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Peirces conception of the trinary structure of thought is mentioned in passing in the SEP on Hegels Logic

Hegel's later treatment of the syllogism found in Book 3, in which he follows Aristotle's own three-termed schematism of the syllogistic structure, repeats the triadic structure as does his analysis of concepts into the moments of “universality,” “particularity,” and “singularity.” Hegel's logical triads are often regarded as expressions of an artificial and functionless formalism, but it should be remembered that in the later nineteenth century, no less a logician than Charles Sanders Peirce came to a similar idea about the fundamentally trinary structure of the categories of thought.

What are they and how does he formulate tem?

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    Might I suggest spelling the philosopher's name correctly in the title, body, and tag? (“Peirce's.”) Cheers. Mar 11 '14 at 0:40
  • I think you're referring to the categories well-described by this Wikipedia article, though Peirce also made a point of distinguishing deduction, induction, and abduction as three kinds of reasoning. Mar 11 '14 at 0:45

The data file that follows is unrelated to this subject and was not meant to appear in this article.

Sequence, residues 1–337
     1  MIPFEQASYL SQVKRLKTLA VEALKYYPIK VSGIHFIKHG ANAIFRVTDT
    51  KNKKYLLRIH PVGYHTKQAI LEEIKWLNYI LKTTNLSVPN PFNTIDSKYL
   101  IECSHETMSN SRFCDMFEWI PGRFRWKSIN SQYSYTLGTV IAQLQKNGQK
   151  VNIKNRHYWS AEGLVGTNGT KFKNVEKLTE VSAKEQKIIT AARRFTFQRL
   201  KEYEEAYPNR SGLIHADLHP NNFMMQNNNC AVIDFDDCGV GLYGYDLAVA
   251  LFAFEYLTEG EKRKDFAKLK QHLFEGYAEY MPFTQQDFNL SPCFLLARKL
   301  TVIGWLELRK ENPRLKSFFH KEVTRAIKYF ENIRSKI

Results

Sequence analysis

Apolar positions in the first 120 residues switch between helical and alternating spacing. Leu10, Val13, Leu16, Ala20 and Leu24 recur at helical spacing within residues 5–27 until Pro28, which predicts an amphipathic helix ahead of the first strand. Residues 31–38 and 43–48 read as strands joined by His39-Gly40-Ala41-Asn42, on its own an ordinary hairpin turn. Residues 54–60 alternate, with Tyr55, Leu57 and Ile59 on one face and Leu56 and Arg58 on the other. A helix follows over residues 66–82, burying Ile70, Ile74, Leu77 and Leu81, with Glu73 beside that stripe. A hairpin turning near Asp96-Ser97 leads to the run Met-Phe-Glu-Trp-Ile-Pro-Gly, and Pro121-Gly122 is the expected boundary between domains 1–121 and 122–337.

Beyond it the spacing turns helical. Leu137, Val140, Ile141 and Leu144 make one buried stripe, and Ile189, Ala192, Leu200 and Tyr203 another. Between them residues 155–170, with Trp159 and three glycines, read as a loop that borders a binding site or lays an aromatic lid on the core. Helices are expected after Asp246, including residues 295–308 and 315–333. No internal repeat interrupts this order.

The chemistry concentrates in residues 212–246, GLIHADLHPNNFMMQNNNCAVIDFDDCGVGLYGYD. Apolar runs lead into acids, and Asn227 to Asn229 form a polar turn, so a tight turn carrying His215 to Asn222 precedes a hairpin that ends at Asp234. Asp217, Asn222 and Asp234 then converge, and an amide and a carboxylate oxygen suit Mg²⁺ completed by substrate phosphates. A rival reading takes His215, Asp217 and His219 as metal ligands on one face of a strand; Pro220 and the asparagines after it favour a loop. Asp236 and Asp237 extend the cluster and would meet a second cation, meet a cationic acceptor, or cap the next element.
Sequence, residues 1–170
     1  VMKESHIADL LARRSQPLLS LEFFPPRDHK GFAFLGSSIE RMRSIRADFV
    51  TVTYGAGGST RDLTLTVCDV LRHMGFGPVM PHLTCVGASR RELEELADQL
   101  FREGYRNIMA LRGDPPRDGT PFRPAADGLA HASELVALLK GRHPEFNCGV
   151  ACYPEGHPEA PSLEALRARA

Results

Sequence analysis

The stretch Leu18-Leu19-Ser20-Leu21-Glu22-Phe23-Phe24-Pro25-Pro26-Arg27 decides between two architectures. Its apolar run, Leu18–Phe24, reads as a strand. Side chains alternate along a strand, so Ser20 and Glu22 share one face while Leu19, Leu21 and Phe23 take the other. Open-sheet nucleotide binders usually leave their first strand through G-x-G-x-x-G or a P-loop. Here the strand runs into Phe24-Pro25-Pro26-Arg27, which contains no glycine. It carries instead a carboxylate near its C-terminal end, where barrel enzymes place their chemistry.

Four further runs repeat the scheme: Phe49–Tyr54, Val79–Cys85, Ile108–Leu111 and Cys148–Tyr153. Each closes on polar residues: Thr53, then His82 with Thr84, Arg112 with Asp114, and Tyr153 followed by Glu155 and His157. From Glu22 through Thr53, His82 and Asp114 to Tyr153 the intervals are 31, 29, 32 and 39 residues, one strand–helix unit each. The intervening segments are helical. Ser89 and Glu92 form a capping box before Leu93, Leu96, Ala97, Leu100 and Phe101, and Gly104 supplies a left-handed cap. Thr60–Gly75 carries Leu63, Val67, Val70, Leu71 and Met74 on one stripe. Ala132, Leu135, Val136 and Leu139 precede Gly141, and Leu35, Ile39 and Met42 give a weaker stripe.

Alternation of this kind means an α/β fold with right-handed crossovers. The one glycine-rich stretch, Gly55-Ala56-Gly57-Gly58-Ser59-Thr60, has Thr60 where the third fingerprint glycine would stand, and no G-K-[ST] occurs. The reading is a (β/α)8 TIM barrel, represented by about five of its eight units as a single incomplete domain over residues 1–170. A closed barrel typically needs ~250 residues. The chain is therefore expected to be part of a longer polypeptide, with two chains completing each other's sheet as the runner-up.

• corrected, apart from the tag - I don't know how that is edited. Mar 11 '14 at 4:09
  • Hey Mozibur! You should check out this insightful article: Larry A. Hickman, “Why Peirce Didn’t Like Dewey’s Logic,” Southwest Philosophy Review, 3 (1986), 178-189. Mar 12 '14 at 16:12
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Given that Peirce’s naturalism is more anthropocentric than Hegel’s, he sought to revise the Kantian powers of feeling, knowing, and willing whereas Hegel just circumvented them. These translate for Peirce into the spheres of value and experience that are aesthetic, scientific, and moral. These are the cultural instantiations of consciousness as Peirce writes:

The true categories of consciousness are: first, feeling, the consciousness which can be included with an instant of time, passive consciousness . . .; second, consciousness of an interruption in the field of consciousness, sense of resistance . . .; third, synthetic consciousness, binding time together, sense of learning, thought (CS Papers, 1.33).

Therefore, Firstness, Secondness, and Thirdness may be analyzed in terms of quality, relation, and synthesis. The qualitative associated with the aesthetic provides a normative status and this is when Peirce is most pluralistic and finds affinities with Schelling’s System of Transcendental Idealism and philosophy of nature (contra Hegel). Relation involves any purposive activity, or action and reaction; what Peirce refers to as the “polar sense” as a re-working of St. Augustine’s notion of volition that Peirce viewed as narrow. Instead of the something like Descartes’ cogito or “cognitive faculty,” Peirce supplemented the enterprise of knowledge with “learning” or “acquisition” in a very similar vein as the Platonic Eros. Logic, unlike in Hegel, involves the norms of thinking or the task of realizing the ends for thinking.

Where Hegel and Peirce find common ground, and this distinguishes him from other pragmatists, is that he does not find pluralism congenial. To this degree he agrees with the architectonic outlook of experience when he says, “life can have but one end.”

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